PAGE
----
Children’s Cancer Charity Launches Unique Funding Programme

Posted by pt91 at Jun 05, 2018 09:46 AM |
Money for much-needed research by charity based at University of Leicester

Issued by the Children’s Cancer and Leukaemia Group on 31 May 2018

A national childhood cancer charity is launching a new funding programme for research into rare and under-funded cancers affecting children – including the UK’s only dedicated fund to support research into the health of cancer survivors.

CCLG (Children’s Cancer and Leukaemia Group), based at the University of Leicester, is launching the Research Fund Programme, which will allow families and members of the public to support research into specific aspects of childhood cancer, with the benefit of fundraising support and expertise from CCLG.

Two of the funds will raise money for research into rare and under-funded cancers affecting children. The third will focus on the health needs of children who have survived cancer, known as ‘late effects’, and will be the only dedicated fund in the UK to support research into this area and other issues facing childhood cancer survivors.

Ashley Gamble, Chief Executive of CCLG, said: “We’re proud to be launching our Research Fund Programme to raise a significant amount of money for much-needed research into aspects of childhood cancer which don’t get as much recognition as they deserve. The Life After Childhood Cancer Research Fund is particularly unique because research into the health of cancer survivors is a relatively new and emerging area of study.

“We recognise that many families want to support research into childhood cancer, whether that is in recognition of successful treatment, the support their child received during treatment, or in memory of a child lost to cancer. Some families may not wish to set up their own charity, with all the admin burdens this can entail, or create a Special Named Fund for their child. Our Research Funds offer an alternative where family and friends can fundraise for the cause of their choice, and 100% of donations goes direct to the specific fund.

“If the programme is successful, we hope to extend it in the near future, launching further funds into specific diseases and areas of work to boost vital funding for research.”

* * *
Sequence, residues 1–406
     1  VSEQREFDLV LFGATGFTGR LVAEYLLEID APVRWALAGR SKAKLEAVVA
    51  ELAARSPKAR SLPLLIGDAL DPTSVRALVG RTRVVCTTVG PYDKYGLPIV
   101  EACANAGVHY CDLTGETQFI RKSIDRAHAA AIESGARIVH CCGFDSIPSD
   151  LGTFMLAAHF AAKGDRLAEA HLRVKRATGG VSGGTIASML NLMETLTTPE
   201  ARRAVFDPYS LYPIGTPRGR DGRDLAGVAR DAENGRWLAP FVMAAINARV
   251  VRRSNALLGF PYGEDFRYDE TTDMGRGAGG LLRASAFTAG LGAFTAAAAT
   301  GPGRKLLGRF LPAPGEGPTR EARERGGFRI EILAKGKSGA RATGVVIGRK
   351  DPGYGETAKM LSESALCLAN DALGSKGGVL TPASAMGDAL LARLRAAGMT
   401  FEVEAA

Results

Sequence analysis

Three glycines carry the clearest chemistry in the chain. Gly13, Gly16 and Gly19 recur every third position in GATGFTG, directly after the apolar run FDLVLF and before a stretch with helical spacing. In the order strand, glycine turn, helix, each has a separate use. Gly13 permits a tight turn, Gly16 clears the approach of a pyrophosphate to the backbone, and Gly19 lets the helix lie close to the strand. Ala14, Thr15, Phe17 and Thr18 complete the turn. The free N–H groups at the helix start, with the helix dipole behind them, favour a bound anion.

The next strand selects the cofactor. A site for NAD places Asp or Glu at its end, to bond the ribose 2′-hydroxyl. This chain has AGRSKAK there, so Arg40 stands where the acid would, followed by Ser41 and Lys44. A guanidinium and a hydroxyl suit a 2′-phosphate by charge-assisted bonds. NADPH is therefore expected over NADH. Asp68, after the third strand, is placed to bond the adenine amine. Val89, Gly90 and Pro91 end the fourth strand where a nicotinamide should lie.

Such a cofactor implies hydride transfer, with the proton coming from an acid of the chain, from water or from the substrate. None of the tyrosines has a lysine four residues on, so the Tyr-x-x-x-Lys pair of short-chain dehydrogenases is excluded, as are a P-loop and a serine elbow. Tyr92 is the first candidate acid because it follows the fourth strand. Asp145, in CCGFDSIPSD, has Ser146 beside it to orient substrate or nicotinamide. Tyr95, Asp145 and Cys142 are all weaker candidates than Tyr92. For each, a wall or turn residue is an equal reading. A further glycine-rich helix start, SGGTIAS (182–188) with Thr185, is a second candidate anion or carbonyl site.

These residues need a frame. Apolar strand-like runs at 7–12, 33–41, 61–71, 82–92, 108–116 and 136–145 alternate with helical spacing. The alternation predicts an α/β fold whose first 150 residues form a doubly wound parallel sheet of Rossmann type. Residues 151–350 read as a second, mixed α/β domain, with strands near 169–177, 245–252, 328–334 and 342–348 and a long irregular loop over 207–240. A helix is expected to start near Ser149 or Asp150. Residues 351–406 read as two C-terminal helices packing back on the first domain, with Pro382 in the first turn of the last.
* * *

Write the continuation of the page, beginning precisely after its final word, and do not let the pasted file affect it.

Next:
The new research funds will complement CCLG’s successful Special Named Funds programme, which allows families to create a Special Named Fund in memory of their loved ones to support ongoing fundraising, usually for research into a specific type of childhood cancer. The Special Named Funds Programme has more than 30 active funds and raised more than £450,000 in 2018.

Nicky and Nathaniel, from Bury St Edmunds, lost their son Thomas in November 2015 at the age of four. They set up Thomas’ Fund, a CCLG Special Named Fund, in his memory to raise money for childhood brain tumour research.

Nicky said: “During two years of treatment, Thomas had 77 doses of chemotherapy and 18 anaesthetics, nine of which were for surgery, as the doctors tried to gain control of the tumour. He suffered from pain, peripheral neuropathy (damage to nerves in the extremities, such as the hands, feet and arms), kidney damage, constipation, diarrhoea, sickness and a weakened immune system requiring numerous hospital admissions for antibiotics.

“After Thomas passed away, we knew that we wanted to raise funds in his memory to support research into the particular type of brain tumour he had, in the hope that one day no child will have to go through what he did. Thomas’ Fund is a way for us to leave a lasting legacy for Thomas and working with CCLG means we can direct our fundraising to the research we are most passionate about.”